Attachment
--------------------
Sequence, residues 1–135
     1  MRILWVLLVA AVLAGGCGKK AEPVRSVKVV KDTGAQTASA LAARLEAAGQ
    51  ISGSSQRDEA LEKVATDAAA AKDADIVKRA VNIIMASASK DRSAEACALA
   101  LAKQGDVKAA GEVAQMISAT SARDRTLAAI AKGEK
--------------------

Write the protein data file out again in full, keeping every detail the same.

Sequence, residues 1–135
     1  MRILWVLLVA AVLAGGCGKK AEPVRSVKVV KDTGAQTASA LAARLEAAGQ
    51  ISGSSQRDEA LEKVATDAAA AKDADIVKRA VNIIMASASK DRSAEACALA
   101  LAKQGDVKAA GEVAQMISAT SARDRTLAAI AKGEK